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Filmmaker-Musician Tav Falco Adds Author to Resume

Tav Falco's story begins the night he left the hills of Arkansas for good, straddled himself and his belongings across an old Norton motorcycle and headed to Memphis.

"Having crossed the Mississippi River Bridge, I was stopped by the police," says Falco. "Someone had jumped off the bridge that night; they'd jumped into the dark waters of the Mississippi."

For Falco -- a musician, filmmaker and now author -- the moment would stay with him, and provide a doorway into his latest effort, a book he describes as a "psychogeographical history" of Memphis.

On Saturday, the Arkansas native and longtime local resident, now based in Vienna, Austria, will perform at the Hi-Tone Cafe, with his band, Panther Burns.

Falco is best known for leading the long-running group and as the spiritual godfather to Memphis' underground music scene.

"But I don't claim to be a musician. I'm a performer. An artist," says Falco. "Art is a product of association. An artist starts working with what's around him, with what's at hand. And in Memphis that was music."

Although he's been living in Europe for the better part of a decade, Falco's mind has been focused on the Bluff City as he's spent the past few years working on the book, a two-volume project called "Mondo Memphis." Journalist Erik Morse penned the second part, a roman noir called "Bluff City Underground," which will be published in March.

Released this month, Falco's portion -- titled "Ghosts Behind the Sun: Splendor, Enigma & Death" -- is a fascinating literary experiment: its 300-plus pages are a work of creative nonfiction that traces Memphis' popular lore and underground history, from the Civil War massacre at Fort Pillow to the yellow fever epidemic of 1878, from Reconstruction-era skullduggery to the cultural, criminal and political developments of the 20th century.

"Had I been in my right mind perhaps I would not have done it," says Falco. "It turned out to be more work than I had ever conceived of, and probably more than I have ever done on anything."

"The problem was, I didn't know how to begin; that was the most difficult part -- until I thought of my arrival in Memphis that night in 1973 and of the person who jumped into the water. I thought well, I'm going to look into those dark waters, look into the mists overhanging the bluff of the Chickasaw, and I went through each epoch of Memphis history, but in a quasi-fictive way."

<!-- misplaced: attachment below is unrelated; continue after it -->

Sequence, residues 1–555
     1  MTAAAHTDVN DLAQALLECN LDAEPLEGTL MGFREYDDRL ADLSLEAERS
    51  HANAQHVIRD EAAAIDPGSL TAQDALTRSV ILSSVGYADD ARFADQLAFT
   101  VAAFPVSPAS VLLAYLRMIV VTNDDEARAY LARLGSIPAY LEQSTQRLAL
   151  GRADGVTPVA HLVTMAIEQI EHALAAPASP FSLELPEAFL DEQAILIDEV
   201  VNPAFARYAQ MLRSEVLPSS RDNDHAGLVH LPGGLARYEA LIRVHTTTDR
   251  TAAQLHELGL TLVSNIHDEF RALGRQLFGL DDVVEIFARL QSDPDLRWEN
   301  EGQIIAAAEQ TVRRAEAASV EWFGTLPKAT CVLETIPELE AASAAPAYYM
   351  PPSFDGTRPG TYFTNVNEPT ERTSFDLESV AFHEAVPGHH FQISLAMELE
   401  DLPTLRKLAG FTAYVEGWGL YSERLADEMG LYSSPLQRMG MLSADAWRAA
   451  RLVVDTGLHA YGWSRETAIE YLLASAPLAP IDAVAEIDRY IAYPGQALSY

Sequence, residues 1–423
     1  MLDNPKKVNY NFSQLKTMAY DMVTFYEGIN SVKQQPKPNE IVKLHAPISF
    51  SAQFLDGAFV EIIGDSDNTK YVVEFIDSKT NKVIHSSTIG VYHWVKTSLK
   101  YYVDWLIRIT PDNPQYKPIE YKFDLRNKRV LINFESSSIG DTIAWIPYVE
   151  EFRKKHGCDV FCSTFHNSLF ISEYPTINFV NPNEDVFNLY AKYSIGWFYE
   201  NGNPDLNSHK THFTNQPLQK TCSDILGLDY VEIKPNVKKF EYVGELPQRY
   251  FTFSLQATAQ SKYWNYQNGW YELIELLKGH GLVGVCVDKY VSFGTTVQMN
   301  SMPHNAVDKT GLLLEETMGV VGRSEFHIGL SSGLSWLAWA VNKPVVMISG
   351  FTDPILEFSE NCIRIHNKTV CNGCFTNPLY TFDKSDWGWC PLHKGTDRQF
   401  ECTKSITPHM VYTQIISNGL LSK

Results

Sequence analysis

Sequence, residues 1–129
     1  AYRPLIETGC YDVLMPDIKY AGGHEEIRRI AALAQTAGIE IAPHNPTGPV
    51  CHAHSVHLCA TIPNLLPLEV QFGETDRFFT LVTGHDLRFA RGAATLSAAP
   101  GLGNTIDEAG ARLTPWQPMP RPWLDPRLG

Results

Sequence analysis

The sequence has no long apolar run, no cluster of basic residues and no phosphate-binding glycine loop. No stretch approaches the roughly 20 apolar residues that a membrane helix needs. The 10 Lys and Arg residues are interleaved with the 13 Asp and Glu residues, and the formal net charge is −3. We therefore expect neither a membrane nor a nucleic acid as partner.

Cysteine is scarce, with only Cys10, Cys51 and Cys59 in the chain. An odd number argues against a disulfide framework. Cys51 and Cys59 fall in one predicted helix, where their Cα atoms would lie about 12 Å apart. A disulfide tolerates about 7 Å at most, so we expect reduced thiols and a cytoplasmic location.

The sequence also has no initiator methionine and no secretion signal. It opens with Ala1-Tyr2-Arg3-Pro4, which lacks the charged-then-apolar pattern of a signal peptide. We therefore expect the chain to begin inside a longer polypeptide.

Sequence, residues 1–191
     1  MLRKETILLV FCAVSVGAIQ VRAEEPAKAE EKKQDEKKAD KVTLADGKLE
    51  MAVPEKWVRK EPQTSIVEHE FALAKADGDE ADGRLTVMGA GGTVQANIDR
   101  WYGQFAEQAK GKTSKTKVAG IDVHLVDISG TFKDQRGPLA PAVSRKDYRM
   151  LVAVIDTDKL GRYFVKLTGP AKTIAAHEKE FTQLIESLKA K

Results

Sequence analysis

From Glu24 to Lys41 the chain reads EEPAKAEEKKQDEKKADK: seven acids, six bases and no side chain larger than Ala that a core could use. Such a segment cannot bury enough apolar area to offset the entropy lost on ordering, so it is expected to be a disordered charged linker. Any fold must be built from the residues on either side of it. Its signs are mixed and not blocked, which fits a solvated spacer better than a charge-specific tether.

There is, naturally, an exploration of the city's artistic giants: from icons like Elvis Presley and Jerry Lee Lewis to more underground figures, musicians that Falco would come to know well, like Charlie Feathers and Jessie Mae Hemphill, as well as an exploration of the vivid landscape of Beale Street.

"The first times I visited Memphis in the 1960s, I'd walk down Beale Street, and black music and black culture was in full plumage," says Falco. "The people were elegant; they were talking a hip language. They were speaking in poetic terms. These were things that drew me to Memphis in the first place."

Falco ostensibly came to the city to be a photographer and filmmaker. He quickly became entrenched in a world populated by the likes of fringe and outlaw artists like Randall Lyon, John McIntire and William Eggleston.

Soon he was helping make films of the "lost" musicians of the era, such as Furry Lewis and R.L. Burnside. "I would sit and film and watch R.L. Burnside for hours. I could groove on that," he says. "Pretty soon I was learning to play guitar. There became no separation between what was in front of the camera and what was behind it."

During the famed 1978 "Tennessee Waltz" concert event at the Orpheum, Falco was responsible for a fairly infamous "art action," where he capped a performance of Leadbelly's "Bourgeois Blues" by running a chainsaw through an old Silvertone guitar.

Shortly after that, he was approached by Box Tops/Big Star leader Alex Chilton -- then in the throes of his deconstructionist phase -- about starting a band, which would eventually be dubbed Panther Burns.

"I'd been trying to make it as a film and video maker, and it wasn't working," says Falco. "My camera had even been repossessed. Rock and roll seemed like a perfect alternative. I'll start a rock and roll band out of spite."

"Plus, all this new music was happening: punk rock, the Sex Pistols, the Cramps. It was an era where visual artists were picking up guitars. I got drawn into it. Alex got drawn into it. And the group came together."

Thirty-plus years and 15 albums later, the Panther Burns are still going strong. The group's latest record, Conjurations, was inspired by Falco's sojourn to Buenos Aries to study music and dance.

"This record is a product of my experience there," he says. "I wrote a number of poems in Buenos Aries and later translated them into the songs."

Falco is bringing the Panther Burns on the road this month for a coast-to-coast U.S. tour that will find him playing concerts and doing readings. On Dec. 1, Falco will appear at Cooper-Young's Burke's Books; later that night the Memphis Brooks Museum of Art will screen a series of his short films.

After that, Falco will return home to Vienna, where he's found a perfect analogue to Memphis.

"Like Memphis, Vienna is a great music town," he says. "Another town standing between the east and the west, located on a great river. In the case of Memphis it's the Mississippi; in the case of Vienna it's the Blue Danube. As with Memphis, the great music has come not only from the city itself, but from the neighboring lands, from Hungary, from Bratislava."

It sounds as though Hungary and Bratislava are Vienna's version of Arkansas and Mississippi?

"Yes," says Falco, laughing, "Exactly."

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